Dec 19, 2022
I have turned my hobby into a profession
“As such, nothing is routine at all.” Anyone who wishes to take up their job should be able to keep a cool head, even in precarious situations,” says the 25-year-old. Deployments often happen differently than in the textbook: “You quickly need a plan B.” Aylin’s group includes 21 people, and at least eleven firefighters must be on site. They are responsible for firefighting and technical assistance and also for removing chemical substances. “If a product leaks, we need to collect and remove it so that it does not pose a hazard for people.” Some hydraulic oil has leaked recently: “Afterwards, we spread a binding agent – as is the case with an oil trace after an accident.”
Aylin has not yet had to fight a fire in Worms. It is different than before at their training facility, the Dillinger cabin in Saarland: “It was the same profession, but in another industry.” According to Aylin, the fire hazard in the steel industry is greater. “We are deployed every day during training.” In Worms, Aylin’s team prepares for possible deployments every day: For instance, they learn to build a pump installation or stabilize a vehicle. Furthermore, a colleague of Aylin is currently working on their future specialization. They will particularly be responsible for the hose workshop and for checking the risers and drones. The fire department’s collaboration with two additional departments is particularly close: With occupational safety, which handles fire prevention, and with factory security, which closes roads when accidents occur. The end of the shift is often followed by what is known as on-call time. Therefore, Aylin and their colleagues have sleeping quarters on the premises, and Aylin in a single room.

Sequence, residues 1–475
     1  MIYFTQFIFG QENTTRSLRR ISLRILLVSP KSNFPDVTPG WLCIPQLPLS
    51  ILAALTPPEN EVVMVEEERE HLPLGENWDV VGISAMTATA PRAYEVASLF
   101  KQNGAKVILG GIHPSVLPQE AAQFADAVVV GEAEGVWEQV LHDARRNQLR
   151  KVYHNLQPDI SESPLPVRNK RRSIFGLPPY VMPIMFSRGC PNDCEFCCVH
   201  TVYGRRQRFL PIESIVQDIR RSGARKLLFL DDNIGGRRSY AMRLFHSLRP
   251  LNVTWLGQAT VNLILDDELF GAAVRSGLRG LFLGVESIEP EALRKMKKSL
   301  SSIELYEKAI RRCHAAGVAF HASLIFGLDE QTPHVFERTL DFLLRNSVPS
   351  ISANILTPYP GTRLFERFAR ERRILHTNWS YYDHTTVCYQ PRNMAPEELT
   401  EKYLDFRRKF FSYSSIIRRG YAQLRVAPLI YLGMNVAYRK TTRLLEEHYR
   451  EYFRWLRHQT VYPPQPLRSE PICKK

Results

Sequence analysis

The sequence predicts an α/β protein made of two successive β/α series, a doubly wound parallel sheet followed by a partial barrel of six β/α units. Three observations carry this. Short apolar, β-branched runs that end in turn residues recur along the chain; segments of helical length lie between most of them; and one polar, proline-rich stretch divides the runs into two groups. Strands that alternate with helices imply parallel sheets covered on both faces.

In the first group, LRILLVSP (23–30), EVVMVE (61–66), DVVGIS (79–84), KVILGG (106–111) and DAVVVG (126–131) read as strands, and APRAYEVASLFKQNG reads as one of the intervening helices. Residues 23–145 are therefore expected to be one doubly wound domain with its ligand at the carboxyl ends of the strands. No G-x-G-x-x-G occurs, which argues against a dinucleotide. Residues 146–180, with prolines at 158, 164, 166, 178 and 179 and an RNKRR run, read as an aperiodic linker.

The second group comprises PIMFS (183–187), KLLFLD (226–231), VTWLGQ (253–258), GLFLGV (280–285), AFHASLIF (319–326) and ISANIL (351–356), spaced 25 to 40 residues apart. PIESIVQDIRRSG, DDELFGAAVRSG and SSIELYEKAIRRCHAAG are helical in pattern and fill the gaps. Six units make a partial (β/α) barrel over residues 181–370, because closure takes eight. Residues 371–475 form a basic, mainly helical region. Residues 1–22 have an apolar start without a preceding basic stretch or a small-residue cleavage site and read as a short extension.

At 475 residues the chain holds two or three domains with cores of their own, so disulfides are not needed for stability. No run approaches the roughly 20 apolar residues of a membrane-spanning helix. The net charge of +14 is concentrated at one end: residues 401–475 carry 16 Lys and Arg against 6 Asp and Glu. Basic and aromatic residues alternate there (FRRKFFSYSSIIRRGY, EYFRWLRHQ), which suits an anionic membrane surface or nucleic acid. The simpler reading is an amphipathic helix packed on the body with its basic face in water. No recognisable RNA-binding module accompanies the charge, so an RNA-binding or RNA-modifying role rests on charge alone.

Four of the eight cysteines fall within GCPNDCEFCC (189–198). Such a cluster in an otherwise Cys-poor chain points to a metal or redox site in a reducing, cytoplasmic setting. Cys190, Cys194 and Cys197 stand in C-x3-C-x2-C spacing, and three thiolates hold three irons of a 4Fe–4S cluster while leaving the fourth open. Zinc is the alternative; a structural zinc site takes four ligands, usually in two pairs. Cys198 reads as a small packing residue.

Aylin is the only woman on the team in her shift. “I feel accepted and respected”, she says. “When it comes to carrying heavy things, I perhaps reach my limits faster than an adult guy. But I can handle other tasks.” At a size of 1.51 meters (4 feet 11 inches), Aylin can climb into narrow shafts or even into accident wrecks that no one could otherwise get into.
It was clear from the onset that she wanted to be a firewoman: Aylin got an early start with the voluntary firefighters. “I told myself: Why not make my hobby into a profession? For Aylin, it is also an opportunity to prove herself to those who have not believed in her. “I feel supported by my current colleagues.” That was not always the case. “Some people used to not trust me with the job due to my size.” Aylin lives in Überherrn, Saarland, next to the French border. She carpools the 160 kilometers (99 miles) to Worms. Aylin prefers to spend her days off with Casiyana, the show jumper that she is currently training.